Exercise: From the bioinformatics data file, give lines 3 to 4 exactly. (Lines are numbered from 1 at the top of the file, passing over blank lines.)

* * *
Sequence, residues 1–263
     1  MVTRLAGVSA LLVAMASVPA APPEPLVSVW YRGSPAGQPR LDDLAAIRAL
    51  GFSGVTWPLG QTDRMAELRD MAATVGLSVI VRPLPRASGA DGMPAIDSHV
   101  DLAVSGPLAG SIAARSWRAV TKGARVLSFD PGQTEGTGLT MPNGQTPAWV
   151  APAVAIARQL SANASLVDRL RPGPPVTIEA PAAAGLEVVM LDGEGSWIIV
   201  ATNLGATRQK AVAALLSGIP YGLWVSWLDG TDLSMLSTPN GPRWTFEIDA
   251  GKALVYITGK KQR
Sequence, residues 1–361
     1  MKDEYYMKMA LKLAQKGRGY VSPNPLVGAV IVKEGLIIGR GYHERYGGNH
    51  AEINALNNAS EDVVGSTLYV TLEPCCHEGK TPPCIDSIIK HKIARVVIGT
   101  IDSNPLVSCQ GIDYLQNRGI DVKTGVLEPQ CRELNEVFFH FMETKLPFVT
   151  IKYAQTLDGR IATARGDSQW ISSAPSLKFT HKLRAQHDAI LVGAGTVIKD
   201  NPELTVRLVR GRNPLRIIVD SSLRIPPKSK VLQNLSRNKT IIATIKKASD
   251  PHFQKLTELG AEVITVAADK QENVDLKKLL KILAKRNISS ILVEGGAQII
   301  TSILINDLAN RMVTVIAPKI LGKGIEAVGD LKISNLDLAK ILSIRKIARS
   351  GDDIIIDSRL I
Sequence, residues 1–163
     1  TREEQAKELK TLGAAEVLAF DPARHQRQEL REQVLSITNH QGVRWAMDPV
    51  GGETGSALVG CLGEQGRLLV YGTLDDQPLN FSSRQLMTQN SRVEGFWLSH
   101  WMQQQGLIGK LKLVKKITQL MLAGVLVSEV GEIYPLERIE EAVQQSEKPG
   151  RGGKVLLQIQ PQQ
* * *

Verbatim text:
    51  GFSGVTWPLG QTDRMAELRD MAATVGLSVI VRPLPRASGA DGMPAIDSHV
   101  DLAVSGPLAG SIAARSWRAV TKGARVLSFD PGQTEGTGLT MPNGQTPAWV